A few weeks ago we asked whether Ben Stokes was definitely a better pick than Harry Brook in England’s World Cup squad. We drew no firm conclusions. Smashing 182 off 124 balls to break the record for the highest score by an England batter in a one-day international (ODI) probably moves us in the general direction of a ‘yes’… and now we want to talk about Viv Richards.
The highest score in ODIs is Rohit Sharma’s highly silly 264 off 173 balls. It is one of three doubles he has hit. Seven other players have also crossed that mark – but no Englishman.
It’s worth emphasising that most of those guys are openers. That’s how you make big scores in limited overs cricket. Stokes’ effort is significant for being the second-highest score by a player batting at four or lower. The best effort remains Viv Richards’ 189 not out against England in – get this – 1984.
To make a trite observation at this juncture, times do change. Cricket remains a game of bat and ball, but even if we set aside advancements in bat technology and the modern boundary toblerone’s habit of positioning itself a little nearer the action, the biggest difference is probably just attitude.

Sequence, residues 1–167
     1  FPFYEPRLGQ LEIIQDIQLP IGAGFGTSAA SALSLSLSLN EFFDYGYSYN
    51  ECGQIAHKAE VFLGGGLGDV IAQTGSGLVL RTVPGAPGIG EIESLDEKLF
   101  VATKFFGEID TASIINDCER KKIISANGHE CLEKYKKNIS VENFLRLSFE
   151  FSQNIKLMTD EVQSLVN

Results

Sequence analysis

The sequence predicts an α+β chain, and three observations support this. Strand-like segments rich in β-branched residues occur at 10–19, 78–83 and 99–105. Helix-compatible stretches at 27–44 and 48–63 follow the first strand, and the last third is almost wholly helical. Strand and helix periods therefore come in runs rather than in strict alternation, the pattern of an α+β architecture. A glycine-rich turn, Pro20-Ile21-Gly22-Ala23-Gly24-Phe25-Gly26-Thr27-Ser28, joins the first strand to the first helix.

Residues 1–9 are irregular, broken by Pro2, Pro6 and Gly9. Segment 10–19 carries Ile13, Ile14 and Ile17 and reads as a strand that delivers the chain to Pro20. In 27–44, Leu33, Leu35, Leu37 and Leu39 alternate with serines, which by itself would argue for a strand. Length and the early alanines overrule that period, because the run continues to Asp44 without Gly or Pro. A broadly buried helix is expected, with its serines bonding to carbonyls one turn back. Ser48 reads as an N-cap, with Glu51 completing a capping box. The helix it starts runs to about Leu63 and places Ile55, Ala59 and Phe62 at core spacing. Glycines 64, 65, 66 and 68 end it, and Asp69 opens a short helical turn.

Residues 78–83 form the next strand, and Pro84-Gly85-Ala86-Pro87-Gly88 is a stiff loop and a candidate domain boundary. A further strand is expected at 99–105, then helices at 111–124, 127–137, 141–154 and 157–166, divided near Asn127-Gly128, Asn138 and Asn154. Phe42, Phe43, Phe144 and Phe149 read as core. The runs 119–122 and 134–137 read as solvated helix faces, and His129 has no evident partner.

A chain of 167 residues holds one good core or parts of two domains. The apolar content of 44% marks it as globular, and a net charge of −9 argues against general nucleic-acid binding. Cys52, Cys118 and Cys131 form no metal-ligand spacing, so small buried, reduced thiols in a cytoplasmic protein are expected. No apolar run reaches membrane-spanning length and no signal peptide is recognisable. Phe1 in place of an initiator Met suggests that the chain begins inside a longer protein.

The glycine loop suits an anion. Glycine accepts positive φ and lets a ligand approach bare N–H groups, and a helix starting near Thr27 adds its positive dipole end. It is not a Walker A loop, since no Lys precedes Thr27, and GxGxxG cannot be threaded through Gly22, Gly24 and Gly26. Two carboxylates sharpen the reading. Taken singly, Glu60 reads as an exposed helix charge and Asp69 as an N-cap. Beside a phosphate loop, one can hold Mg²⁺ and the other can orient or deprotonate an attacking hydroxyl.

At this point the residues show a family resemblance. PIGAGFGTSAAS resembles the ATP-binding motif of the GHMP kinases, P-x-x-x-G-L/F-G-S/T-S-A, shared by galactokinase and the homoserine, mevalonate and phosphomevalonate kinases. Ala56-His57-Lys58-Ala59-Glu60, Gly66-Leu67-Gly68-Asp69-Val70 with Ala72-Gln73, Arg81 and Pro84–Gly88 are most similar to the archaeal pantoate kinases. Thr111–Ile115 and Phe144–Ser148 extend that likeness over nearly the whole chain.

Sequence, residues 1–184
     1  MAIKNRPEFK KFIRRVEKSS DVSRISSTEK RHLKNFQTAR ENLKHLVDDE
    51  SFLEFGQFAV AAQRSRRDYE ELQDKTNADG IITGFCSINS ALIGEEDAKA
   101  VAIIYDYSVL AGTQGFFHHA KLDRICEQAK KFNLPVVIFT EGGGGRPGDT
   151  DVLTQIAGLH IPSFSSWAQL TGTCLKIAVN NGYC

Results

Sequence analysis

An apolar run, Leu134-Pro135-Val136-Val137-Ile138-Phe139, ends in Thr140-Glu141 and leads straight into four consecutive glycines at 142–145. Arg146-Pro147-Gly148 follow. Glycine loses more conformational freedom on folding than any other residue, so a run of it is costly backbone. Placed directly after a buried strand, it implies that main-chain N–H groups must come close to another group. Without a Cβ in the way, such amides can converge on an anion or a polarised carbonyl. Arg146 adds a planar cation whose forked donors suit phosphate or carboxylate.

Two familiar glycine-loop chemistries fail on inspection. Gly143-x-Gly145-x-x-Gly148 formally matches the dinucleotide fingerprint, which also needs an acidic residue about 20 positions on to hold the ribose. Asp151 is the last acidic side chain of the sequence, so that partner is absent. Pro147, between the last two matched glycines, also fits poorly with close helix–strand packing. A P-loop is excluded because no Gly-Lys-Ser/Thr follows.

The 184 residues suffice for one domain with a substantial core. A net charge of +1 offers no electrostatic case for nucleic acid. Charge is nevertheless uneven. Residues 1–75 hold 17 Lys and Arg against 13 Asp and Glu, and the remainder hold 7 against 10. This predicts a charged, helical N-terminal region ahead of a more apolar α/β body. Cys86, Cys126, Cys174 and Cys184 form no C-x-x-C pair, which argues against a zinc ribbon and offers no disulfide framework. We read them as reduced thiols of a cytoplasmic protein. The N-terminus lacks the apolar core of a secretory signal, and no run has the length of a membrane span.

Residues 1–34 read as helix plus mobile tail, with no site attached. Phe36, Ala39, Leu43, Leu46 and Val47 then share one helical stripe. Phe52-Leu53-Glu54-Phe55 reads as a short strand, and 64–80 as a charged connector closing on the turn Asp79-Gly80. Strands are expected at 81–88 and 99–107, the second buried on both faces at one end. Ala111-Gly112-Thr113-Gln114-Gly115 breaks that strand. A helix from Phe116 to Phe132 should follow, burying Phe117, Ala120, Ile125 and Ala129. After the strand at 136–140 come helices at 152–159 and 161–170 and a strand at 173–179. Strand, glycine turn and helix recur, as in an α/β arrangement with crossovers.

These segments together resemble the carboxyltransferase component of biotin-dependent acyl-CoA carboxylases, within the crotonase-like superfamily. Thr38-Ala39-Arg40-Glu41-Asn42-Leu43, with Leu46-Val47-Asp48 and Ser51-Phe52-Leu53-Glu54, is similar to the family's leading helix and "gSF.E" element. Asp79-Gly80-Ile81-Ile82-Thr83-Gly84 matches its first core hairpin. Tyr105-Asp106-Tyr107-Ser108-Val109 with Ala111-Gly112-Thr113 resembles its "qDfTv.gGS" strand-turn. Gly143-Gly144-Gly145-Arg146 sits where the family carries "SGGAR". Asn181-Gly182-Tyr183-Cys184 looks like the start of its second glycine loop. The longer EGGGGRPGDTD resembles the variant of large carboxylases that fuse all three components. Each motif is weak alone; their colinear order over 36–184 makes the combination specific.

Cricketers have spent almost 40 years exploring what kinds of totals can be achieved within the constraints of a one-day international and as limits have been pushed, it’s become the convention to aim higher than players did in the 1980s.
To put things in perspective, only once in that 1984 three-match ODI series did a team pass 200 and that was, as you’d imagine, the time that Viv got within 11 runs of the mark on his own. Furthermore, any sense that this was a one-off batting paradise is allayed by the other scores that day. Of the other 21 batters who came to the crease, only one – Allan Lamb – made more than 26 runs.
That is, by any stretch, an insanely dominant performance within the context of a match, but it was also an insanely dominant performance within the context of the era.
At the time of writing, there have been 4,379 ODIs since that Old Trafford game, in which getting on for two million runs have been scored. Middle-order batters have contributed quite a lot of them. Yet despite all that collective ability and despite all of those attempts, no-one has yet improved on Viv Richards’ effort.
You’d call it an absolutely freakish knock if it weren’t for the fact the same bloke also still has the second-fastest Test hundred of all time to his name.
- Viv Richards – hero of cricket
- Viv Richards has a chilli sauce
- Viv’s time in the Lancashire leagues and his verdict on pie and peas